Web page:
Resilience and reliability
Much of our work in 2019 focused on building solutions to improve the resilience and reliability of our platform under various conditions. To this end, our Operational Storage team built a next-generation deployment and management platform for all of our stateful technologies, allowing automated and intelligent management of any storage clusters. This technology not only allows our engineers to quickly and easily manage their storage solutions in a unified manner, but also ensures high-availability and reliability of Uber’s storage layer through automation and auto-remediation, as well as state-driven scheduling and deployment of storage nodes.
To improve both the productivity of our developers and the operational aspects of managing our infrastructure, we migrated hundreds of our Java-based services from their individual and independent codebases to a single, unified monorepo ). As a result, we were able to leverage the benefits of using a monorepo, such as the ability to more easily discover and extend code, utilize common and integrated tooling, better standardize frameworks and libraries, and more easily manage, automate, and improve our overall infrastructure. As an example of the benefits of this unification – a single config change, related to Java IPC handling, resulted in a 10% improvement in performance of all Java services across Uber.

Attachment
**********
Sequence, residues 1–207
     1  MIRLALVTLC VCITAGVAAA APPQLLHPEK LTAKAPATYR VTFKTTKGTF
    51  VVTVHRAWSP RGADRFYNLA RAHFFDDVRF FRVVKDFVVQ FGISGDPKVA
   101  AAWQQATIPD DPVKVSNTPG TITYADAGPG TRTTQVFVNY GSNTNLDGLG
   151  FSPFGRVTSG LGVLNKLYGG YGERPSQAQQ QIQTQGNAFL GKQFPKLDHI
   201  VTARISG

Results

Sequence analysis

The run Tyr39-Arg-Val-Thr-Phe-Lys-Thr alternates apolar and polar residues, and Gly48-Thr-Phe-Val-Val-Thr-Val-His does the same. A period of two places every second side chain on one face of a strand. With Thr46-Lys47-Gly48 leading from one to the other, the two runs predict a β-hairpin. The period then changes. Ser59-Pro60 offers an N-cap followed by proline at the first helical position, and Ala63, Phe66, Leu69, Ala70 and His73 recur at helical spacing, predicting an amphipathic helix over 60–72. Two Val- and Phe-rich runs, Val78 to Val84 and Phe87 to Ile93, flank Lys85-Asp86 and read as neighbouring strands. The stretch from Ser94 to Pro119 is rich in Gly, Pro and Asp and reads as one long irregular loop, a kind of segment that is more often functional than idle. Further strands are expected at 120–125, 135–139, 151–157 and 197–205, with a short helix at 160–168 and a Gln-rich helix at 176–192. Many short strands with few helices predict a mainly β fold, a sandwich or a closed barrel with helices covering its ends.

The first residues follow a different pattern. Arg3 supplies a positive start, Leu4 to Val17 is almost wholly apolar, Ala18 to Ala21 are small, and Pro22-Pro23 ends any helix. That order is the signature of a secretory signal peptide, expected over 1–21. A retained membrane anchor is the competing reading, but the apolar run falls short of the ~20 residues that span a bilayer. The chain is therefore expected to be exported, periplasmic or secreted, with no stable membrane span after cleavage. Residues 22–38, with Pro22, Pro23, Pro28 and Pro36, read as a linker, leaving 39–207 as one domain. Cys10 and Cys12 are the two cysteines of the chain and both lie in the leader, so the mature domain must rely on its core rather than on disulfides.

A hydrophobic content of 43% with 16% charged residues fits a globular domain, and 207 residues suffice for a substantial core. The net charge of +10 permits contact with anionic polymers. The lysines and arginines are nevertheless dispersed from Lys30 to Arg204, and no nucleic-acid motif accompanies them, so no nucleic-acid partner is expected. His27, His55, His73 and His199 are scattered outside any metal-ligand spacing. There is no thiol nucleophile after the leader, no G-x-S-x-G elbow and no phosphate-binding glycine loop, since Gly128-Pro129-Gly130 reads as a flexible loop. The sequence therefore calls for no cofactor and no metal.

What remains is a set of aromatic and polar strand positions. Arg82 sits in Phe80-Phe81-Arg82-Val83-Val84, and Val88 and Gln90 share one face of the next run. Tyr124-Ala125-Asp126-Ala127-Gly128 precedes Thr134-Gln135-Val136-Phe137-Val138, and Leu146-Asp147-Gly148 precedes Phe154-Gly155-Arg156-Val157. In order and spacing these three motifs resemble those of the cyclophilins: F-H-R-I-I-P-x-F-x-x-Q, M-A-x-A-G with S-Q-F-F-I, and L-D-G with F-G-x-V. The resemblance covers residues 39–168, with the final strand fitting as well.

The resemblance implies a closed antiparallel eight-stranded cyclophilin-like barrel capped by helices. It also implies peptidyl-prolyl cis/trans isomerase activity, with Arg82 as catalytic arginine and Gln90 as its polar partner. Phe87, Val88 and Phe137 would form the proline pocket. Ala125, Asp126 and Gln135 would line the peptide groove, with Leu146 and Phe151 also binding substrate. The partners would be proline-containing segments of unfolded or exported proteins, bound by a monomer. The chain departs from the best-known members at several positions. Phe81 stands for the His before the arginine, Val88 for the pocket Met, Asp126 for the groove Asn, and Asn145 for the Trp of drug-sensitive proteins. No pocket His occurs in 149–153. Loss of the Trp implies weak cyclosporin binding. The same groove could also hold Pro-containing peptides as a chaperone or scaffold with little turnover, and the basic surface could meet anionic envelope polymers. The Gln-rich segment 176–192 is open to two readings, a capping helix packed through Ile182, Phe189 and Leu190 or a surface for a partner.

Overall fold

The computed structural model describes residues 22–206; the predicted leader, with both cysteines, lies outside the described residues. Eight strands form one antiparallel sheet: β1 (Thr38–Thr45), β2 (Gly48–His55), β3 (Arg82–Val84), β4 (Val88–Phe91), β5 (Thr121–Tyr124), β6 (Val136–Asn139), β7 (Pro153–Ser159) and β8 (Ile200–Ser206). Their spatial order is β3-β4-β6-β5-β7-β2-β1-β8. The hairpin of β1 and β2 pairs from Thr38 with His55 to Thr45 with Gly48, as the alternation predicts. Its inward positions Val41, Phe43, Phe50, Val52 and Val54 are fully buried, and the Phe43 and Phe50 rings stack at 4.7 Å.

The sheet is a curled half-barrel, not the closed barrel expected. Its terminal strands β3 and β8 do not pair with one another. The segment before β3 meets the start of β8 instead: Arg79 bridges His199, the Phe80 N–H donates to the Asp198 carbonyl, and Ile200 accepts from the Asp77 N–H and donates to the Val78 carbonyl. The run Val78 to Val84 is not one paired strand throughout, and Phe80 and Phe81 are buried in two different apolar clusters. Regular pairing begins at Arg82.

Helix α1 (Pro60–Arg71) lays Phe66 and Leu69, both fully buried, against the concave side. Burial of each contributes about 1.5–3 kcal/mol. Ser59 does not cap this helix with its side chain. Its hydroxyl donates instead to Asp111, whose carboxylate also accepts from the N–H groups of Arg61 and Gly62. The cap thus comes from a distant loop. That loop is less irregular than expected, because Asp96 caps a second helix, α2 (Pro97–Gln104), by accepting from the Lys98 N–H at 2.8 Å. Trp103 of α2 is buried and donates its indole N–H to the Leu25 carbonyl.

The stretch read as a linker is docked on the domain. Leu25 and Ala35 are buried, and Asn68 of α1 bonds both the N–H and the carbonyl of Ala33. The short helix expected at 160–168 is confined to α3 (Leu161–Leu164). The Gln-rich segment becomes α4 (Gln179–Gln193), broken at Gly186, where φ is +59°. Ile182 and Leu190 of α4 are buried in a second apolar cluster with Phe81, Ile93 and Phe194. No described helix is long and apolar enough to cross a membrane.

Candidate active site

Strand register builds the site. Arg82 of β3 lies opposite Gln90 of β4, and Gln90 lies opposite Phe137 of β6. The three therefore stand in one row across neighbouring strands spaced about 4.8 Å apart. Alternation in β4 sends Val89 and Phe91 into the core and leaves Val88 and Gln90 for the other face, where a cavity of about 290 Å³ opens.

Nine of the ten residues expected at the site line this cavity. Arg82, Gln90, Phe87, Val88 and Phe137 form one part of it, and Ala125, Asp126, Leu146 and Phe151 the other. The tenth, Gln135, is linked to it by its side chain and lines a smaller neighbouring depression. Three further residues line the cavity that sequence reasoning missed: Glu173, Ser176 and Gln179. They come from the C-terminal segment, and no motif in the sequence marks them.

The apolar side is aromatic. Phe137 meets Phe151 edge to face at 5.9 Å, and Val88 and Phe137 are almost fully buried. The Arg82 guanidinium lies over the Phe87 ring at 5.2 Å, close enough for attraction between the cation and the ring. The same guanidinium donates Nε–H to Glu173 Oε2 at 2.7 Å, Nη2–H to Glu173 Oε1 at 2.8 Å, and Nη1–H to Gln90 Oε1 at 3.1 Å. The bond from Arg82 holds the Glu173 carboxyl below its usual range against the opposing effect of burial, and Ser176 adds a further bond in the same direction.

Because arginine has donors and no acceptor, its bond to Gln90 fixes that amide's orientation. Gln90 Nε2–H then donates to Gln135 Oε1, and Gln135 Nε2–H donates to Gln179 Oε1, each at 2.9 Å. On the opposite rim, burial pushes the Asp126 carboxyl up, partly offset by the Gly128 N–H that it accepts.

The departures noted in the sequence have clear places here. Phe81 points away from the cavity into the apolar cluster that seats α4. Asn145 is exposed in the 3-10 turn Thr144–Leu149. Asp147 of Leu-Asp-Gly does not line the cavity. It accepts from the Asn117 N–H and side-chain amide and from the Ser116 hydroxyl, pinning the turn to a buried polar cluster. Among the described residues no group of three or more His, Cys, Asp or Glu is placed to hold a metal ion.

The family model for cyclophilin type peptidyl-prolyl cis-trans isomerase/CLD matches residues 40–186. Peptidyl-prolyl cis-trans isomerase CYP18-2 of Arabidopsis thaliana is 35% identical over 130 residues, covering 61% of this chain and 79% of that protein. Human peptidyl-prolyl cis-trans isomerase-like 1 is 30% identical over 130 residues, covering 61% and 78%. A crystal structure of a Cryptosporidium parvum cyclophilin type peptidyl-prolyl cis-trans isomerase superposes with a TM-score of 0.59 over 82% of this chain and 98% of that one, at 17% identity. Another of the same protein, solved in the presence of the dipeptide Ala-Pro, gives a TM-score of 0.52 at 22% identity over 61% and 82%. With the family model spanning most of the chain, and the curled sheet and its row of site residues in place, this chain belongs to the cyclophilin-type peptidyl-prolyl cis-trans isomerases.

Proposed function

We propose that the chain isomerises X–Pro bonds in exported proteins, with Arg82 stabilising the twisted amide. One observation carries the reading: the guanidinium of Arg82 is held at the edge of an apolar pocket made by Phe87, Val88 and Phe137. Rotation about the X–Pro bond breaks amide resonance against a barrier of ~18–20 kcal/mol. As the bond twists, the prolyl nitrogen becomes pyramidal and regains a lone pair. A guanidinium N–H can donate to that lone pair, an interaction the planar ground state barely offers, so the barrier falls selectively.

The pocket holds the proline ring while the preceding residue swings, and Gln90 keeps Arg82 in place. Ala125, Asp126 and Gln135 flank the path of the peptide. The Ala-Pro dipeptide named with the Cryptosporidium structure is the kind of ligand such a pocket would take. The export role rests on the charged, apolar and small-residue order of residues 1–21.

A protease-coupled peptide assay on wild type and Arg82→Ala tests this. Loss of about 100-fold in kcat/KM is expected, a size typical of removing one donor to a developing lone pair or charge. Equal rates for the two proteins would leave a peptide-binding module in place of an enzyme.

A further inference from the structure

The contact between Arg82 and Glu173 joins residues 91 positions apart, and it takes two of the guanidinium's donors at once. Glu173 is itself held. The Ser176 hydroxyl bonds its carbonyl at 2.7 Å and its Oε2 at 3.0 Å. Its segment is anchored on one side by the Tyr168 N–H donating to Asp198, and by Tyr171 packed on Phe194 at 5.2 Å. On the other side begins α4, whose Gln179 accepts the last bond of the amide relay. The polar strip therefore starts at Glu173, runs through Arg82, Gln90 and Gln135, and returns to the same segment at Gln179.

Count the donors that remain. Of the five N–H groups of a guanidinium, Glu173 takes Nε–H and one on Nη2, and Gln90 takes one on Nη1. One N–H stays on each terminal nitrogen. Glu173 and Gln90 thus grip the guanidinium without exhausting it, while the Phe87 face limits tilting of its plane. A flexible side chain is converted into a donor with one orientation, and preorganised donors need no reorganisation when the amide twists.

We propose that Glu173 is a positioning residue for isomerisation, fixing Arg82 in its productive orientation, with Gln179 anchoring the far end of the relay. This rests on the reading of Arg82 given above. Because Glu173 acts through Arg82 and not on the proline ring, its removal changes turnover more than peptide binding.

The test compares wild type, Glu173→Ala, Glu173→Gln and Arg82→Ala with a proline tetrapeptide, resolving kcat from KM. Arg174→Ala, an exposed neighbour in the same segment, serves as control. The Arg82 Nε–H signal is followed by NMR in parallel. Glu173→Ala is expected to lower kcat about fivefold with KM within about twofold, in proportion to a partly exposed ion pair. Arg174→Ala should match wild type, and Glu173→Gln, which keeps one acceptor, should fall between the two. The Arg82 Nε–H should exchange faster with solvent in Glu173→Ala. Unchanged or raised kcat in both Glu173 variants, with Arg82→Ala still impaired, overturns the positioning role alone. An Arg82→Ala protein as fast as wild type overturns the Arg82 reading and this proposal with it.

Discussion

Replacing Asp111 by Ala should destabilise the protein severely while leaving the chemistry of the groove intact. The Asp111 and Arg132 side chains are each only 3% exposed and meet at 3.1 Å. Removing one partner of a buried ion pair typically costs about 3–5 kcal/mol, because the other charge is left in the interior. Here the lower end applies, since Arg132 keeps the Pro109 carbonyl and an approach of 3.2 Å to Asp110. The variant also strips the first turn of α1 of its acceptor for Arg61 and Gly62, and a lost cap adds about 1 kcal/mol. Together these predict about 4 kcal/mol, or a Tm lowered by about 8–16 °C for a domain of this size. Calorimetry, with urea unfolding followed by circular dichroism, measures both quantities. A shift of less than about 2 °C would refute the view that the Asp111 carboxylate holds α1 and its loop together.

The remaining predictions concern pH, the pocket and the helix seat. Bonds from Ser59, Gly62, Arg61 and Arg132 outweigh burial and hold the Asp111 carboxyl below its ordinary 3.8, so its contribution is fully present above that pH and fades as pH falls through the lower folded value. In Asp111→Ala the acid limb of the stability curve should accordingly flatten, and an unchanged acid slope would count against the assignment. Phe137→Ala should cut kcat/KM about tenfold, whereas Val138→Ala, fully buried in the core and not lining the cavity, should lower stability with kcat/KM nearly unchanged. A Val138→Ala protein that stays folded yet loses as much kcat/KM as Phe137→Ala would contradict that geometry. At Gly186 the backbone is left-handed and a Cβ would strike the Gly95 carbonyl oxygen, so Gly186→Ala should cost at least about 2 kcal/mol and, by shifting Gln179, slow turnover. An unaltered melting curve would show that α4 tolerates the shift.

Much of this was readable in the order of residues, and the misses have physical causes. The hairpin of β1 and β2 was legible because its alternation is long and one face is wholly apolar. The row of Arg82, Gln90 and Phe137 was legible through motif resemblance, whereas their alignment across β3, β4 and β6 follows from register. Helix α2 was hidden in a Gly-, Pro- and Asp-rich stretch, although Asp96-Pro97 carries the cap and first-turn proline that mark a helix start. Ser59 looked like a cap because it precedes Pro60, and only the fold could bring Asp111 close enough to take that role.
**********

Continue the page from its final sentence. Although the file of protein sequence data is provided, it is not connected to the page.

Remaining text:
Efficiencies and resource savings
To handle the millions of requests we receive requires a massive amount of CPU resources. As a result, even the most modest gains can have significant impact at our scale, which is why we are always innovating better ways to manage our resource consumption. To ensure that our thousands of software services are being allocated the correct amount of CPU resources with high precision, we built a compute scaler for our compute scheduling platform. Utilizing historical CPU usage metrics and mathematical and statistical analysis, this scaler continuously determines the best allocations of CPU resources for any service, taking both safety and efficiency into consideration. This is one of the most effective ways we can use to reduce waste, improve our ability to serve requests at scale and ensure our ability to continue providing a robust platform for our customers. Since its introduction the scaler has already “recovered” tens of thousands of cores and the recommendations it provides for CPU right-sizing have been proven to be critical in preventing service degradations and outages.
As we move into 2020, we will continue to excitedly focus on these key areas and continue innovating to match the challenge presented by our products and our scale. As the Uber platform grows, we look forward to further building and strengthening our infrastructure to support our next generation of products and becoming an even better operating system of our customer’s lives.
Rick Boone is senior software engineer and strategic advisor to the Vice President of Infrastructure Engineering at Uber.
Posted by Rick Boone